Dubai: After two months of inactivity due to the Eurozone debt crisis and turmoil in global financial markets, high-grade borrowers from the Gulf Arab region may be close to resuming issuance.
There is a substantial number of bonds in the pipeline, and a partial improvement of sentiment in global markets in the past week — although the Eurozone crisis remains fundamentally unresolved — has helped Gulf spreads tighten dramatically.
The average yield on the HSBC Nasdaq Dubai GCC conventional dollar bond index fell to 5.039 per cent on Wednesday from 5.245 per cent at the end of last week. Average spreads, calculated over Libor, narrowed to 305.6 basis points from 345.6 bps. In the week to October 5, net outflows from emerging market bond funds slowed to $1.4 billion from the previous week’s $3.2 billion, according to IFR Markets.
Abu Dhabi’s Union National Bank held roadshows for a potential bond in September but has so far refrained from issuing. Dolphin Energy, mall developer Majid Al Futtaim (MAF) Holding, and the Tourism Development and Investment Co (TDIC) met investors earlier this year but did not issue, citing “market conditions”.
Article continues below
“Clearly it is not the market where low-quality issuers can get anything done,” but the situation is different for some higher-quality issuers, said a London-based Middle East fixed income investor.
High-quality names still face higher spreads compared to several months ago, but this is partly due to a collapse of US Treasury yields, he noted. “In spread terms, they get frustrated because it is not as tight as it was, but in absolute yield terms people are still looking at levels that are very attractive.”
Several Gulf names have rallied to trade at near-par levels this week.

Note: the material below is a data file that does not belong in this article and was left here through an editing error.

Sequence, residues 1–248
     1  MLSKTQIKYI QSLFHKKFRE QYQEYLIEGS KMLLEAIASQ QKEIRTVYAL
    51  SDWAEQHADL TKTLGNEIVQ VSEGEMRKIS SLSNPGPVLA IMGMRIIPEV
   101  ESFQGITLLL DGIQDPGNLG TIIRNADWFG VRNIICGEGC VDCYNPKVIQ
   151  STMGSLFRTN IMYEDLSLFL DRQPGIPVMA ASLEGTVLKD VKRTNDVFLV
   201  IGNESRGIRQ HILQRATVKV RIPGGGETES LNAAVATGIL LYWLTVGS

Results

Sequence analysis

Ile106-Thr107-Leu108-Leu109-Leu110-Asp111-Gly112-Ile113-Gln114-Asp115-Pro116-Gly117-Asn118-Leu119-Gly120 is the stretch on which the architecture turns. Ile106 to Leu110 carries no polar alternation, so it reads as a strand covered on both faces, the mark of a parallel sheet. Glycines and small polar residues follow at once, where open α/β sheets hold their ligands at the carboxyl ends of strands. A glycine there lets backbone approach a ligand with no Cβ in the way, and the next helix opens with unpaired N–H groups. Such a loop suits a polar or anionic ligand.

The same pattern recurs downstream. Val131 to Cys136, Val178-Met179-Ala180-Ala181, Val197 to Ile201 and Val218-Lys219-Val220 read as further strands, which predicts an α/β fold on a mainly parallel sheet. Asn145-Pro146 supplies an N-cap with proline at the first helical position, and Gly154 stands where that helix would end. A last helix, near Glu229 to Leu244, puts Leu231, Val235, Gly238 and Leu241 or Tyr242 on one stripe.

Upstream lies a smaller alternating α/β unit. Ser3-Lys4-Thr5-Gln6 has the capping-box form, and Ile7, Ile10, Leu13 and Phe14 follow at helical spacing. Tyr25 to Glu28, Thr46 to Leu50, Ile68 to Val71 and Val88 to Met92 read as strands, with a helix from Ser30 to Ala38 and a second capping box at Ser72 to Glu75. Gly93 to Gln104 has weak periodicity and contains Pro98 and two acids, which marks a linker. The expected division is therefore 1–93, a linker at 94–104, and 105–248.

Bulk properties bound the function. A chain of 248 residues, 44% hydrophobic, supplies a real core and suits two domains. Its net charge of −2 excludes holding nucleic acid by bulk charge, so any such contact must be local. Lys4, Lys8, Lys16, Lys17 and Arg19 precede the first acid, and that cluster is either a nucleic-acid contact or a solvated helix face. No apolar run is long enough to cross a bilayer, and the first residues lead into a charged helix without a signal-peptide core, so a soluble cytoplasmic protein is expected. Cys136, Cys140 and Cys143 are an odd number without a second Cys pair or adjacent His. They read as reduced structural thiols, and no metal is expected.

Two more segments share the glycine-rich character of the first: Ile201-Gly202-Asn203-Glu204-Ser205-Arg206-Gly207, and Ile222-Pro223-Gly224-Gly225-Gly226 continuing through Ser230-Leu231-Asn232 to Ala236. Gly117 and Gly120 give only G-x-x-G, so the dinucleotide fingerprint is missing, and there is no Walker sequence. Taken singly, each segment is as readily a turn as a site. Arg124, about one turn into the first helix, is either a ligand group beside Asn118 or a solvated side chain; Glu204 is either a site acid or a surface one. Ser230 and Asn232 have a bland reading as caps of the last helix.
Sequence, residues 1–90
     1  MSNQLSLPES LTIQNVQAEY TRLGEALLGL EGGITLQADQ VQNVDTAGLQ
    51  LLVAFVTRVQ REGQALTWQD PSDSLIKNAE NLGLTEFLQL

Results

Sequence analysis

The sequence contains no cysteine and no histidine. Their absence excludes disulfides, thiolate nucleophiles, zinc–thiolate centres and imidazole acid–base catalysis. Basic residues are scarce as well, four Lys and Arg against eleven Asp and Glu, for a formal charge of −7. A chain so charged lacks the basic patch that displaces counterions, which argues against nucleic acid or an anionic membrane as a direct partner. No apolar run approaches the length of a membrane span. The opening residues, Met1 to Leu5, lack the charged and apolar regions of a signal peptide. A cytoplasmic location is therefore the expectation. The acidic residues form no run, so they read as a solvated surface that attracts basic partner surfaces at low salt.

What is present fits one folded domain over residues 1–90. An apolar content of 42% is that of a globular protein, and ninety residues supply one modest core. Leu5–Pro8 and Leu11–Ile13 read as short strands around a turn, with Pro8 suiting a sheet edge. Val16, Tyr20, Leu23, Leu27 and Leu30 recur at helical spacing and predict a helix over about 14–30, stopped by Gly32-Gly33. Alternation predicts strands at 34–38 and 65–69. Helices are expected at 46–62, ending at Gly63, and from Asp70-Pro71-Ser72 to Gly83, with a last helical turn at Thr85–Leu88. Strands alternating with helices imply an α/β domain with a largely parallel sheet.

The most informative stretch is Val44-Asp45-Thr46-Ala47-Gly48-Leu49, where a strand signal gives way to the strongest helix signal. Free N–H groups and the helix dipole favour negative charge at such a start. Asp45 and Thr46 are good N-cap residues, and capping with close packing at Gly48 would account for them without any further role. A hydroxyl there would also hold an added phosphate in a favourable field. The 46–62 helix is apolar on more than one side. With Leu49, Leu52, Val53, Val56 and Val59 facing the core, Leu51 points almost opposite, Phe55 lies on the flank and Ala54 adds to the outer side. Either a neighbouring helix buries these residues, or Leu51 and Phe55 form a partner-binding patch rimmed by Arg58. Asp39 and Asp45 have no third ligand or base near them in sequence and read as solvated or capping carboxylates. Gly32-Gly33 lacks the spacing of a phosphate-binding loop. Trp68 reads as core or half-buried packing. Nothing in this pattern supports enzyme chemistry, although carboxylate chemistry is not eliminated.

“If Europe remains quiet on the bad news front, we should see this rally continue in the short term,” said a regional fixed income trader.
The Dubai government’s 7.75 per cent 2020 bond was bid at 99.831 early yesterday to yield about 7.776 per cent, down from 8.468 per cent on October 5.
Abu Dhabi investment fund Mubadala Development Co’s 5.75 per cent 2014 maturity was bid at around 107.549 yesterday afternoon to yield about 2.667 per cent, from 2.953 per cent on October 10.
“You can price credit risk but not event risk, and that is the main reason why the volume of new issues is low,” said an Abu Dhabi-based trader.
“If the stability that we saw this week continues, then the climate will be better for new issues, and then we can talk of spreads and how much premium issuers need to pay to raise money.”
If issuance does resume, however, it is likely to be gradual because high-grade credits do not appear desperate for money, analysts said.
“At the end of the day, the most highly rated credits are the ones that tend to have the least need for finance,” said Nicholas Stadtmiller, fixed income analyst at Emirates NBD.
“Entities that can raise funds easily either don’t need or don’t want them, and those would like to raise money have a harder time getting it.”
Some traders speculate that Islamic bonds, or sukuk, could be among the first bonds issued after the drought. Sukuk held up relatively well in the secondary market during the recent volatility, partly because investors tend to buy them to hold for maturity rather than for trading. This could prompt both borrowers and investors to see the sukuk market as a relatively low-risk place for issuance.
“The sukuk markets are new and not nearly as liquid as developed debt markets. That creates opportunity,” said Akram Annous, Mena strategist at Al Mal Capital in Dubai.
Government-owned Abu Dhabi National Energy Co (Taqa) is seeking regulatory approval for a ringgit-denominated benchmark sukuk, while Kuwait Finance House’s Turkish unit Kuveyt Turk Participation Bank is on the road this week in Asia, the Middle East and Europe for a potential Islamic issue.
Average spreads for GCC sukuk on the Nasdaq Dubai dollar sukuk index have narrowed to about 295 bps from over 320 bps at the beginning of this month.